I remember when Wendell Berry first told me to “Be joyful though you have considered all the facts.”

I was in Nairobi, Kenya at the time. It was mid-December 2013, and I had just received news that clashes had broken out in the capital city of South Sudan. There were rumors of an attempted coup d’état, and Juba had essentially shut down. The airport closed and my South Sudanese colleagues would not be joining us in Kenya for a lovely Christmas holiday on the island of Lamu.

At that point, I had been living and working in South Sudan for just over a year. I had just gotten somewhat of a handle on the work I was doing. I had started to make some friends and was making myself at home in Juba. Sitting in a room at the Mennonite Guesthouse in Nairobi, alone, I had only an inkling of how, in an instant, things had changed.

From the moment I found out, all I could do was wait, and listen. I watched as news poured in online about the developing situation. I reached out to friends still in the country and clung to any responses I got from them. I cried alone in another room I had been moved to, since I had to stay at the guesthouse longer than expected. I answered concerned questions from friends and family back home. I told them yes, I was safe, as I also felt angry at them for only expressing concern for me.

The only other thing I could think to do was pray, and ask others to pray, which I did. Then I received a video from an old friend with an atheist guy talking about how when you encourage people to pray, you’re encouraging them to speak to an imaginary friend.

Then another friend I had made, who was living in Kenya at the time, shared a poem by Wendell Berry on her blog. The poem was “Manifesto: The Mad Farmer Liberation Front” which is packed with beauty and wisdom:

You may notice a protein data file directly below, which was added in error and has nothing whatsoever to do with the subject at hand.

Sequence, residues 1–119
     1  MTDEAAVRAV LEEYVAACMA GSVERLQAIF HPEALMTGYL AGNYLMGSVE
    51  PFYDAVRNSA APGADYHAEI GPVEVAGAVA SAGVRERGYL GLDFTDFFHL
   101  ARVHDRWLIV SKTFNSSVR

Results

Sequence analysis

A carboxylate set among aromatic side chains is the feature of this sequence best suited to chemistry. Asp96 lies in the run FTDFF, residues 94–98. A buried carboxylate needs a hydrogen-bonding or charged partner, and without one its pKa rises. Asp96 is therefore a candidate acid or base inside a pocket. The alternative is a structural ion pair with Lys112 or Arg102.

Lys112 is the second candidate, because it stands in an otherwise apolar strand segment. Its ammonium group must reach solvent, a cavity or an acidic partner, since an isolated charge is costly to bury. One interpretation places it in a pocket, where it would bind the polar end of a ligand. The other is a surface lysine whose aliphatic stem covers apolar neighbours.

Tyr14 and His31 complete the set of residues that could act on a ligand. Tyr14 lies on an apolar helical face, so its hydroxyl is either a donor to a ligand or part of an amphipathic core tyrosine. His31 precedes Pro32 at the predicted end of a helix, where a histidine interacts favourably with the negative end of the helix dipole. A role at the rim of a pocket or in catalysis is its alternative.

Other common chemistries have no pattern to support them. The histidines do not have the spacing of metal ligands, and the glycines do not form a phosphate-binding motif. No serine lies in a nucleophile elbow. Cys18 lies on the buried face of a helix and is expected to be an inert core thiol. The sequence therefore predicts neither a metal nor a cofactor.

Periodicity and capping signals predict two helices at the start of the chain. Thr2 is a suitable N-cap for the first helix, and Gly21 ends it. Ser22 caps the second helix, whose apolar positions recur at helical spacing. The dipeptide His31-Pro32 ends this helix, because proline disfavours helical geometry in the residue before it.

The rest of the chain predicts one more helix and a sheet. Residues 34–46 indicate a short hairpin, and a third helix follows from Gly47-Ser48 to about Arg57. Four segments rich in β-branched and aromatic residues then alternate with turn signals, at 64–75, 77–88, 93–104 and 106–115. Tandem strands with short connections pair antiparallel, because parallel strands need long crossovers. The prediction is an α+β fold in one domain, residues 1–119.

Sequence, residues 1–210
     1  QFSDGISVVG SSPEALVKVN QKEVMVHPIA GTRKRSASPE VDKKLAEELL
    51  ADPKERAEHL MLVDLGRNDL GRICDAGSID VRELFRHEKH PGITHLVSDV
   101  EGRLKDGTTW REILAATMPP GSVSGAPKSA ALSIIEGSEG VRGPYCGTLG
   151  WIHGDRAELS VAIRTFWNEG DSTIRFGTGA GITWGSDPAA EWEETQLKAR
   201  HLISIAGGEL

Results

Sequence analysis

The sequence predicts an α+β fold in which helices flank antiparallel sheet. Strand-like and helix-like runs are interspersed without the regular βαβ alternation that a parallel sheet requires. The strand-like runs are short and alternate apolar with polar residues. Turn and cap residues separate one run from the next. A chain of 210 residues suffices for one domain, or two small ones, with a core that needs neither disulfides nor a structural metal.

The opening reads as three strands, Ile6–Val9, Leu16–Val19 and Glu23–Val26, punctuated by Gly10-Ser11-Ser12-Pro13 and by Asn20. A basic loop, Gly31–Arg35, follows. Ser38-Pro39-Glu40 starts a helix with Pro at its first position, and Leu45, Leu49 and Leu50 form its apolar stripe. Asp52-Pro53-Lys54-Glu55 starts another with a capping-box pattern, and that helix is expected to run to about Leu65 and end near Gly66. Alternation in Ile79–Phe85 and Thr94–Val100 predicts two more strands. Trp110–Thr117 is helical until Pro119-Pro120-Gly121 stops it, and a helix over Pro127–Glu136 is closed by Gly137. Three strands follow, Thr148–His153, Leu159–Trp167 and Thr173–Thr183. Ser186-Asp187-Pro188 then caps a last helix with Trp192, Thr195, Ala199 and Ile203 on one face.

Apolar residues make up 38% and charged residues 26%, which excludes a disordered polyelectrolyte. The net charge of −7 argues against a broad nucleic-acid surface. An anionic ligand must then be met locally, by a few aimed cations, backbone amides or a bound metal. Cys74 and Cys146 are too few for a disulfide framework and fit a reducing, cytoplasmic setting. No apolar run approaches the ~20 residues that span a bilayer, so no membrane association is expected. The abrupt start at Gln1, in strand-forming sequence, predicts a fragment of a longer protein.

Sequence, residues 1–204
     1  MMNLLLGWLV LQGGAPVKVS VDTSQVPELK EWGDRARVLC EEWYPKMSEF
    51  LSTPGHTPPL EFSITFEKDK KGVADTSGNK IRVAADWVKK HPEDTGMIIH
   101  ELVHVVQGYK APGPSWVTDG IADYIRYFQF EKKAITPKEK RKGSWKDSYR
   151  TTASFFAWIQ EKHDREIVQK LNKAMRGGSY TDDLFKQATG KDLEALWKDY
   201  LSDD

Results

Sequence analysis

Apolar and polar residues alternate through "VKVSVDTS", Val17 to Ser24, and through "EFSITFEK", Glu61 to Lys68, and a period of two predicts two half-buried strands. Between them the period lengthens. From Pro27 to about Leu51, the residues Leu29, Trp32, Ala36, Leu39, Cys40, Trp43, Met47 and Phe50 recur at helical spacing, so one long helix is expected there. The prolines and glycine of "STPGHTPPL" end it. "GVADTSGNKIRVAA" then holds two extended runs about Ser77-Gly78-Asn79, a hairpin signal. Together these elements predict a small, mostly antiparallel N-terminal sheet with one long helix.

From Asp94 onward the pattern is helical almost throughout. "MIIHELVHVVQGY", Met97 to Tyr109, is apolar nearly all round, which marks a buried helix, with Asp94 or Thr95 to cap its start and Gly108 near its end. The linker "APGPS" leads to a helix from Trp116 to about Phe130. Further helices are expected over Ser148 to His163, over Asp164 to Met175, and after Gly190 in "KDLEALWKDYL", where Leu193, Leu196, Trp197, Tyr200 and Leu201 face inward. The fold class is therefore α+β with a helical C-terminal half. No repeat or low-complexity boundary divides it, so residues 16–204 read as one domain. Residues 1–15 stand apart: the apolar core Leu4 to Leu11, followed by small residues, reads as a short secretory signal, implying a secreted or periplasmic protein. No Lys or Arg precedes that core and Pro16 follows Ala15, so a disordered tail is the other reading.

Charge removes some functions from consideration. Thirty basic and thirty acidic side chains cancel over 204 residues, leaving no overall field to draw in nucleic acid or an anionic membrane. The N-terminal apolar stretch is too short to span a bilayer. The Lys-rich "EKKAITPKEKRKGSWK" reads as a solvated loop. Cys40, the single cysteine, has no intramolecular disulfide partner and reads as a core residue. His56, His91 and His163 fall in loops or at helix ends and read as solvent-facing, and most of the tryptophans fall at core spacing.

“So, friends, every day do something that won’t compute. Love the Lord. Love the world. Work for nothing. Take all that you have and be poor. Love someone who does not deserve it.”

“Ask the questions that have no answers.”

“Laugh. Laughter is immeasurable.”


“Be like the fox who makes more tracks than necessary, some in the wrong direction.”

“Practice resurrection.”

There is so much more in the poem, but I highlighted a few lines that resonated with me. I certainly recommend reading it in its entirety. At the time, when I first read the poem, the line that says, “Be joyful though you have considered all the facts” grabbed me. And even if Wendell Berry was another imaginary friend, I was grateful for the advice.

But I was also like, WHAT?! What do you mean be joyful, Wendell? Do you know what the facts are?

Facts: South Sudan appeared to be at war, after only 2.5 years as a new country, and after having separated from the north because of decades-long violence, oppression and war. People were being murdered based on what tribe they belonged to. People were being murdered, period. Everything the country had been working towards was now being destroyed. Millions of people were scared for their lives. People were fleeing. And this was just in South Sudan, Wendell.

I figured Wendell probably knew. He seemed to have lived a long enough life and the stuff he wrote about made me think he was aware of life in all its complexity. I decided to take his advice and did the best thing I could think of in my situation: I took myself on safari for Christmas. Even though I didn’t quite understand what the hell Wendell was talking about, I made up my mind to be intentional about being joyful though I had considered all the facts.

It’s easy to be joyful on safari. Maybe I’ll write about all the animals and landscapes and sunsets and dung beetles another time. But being joyful on safari while I knew what was happening in South Sudan was tricky. I’m still grappling with the complexities.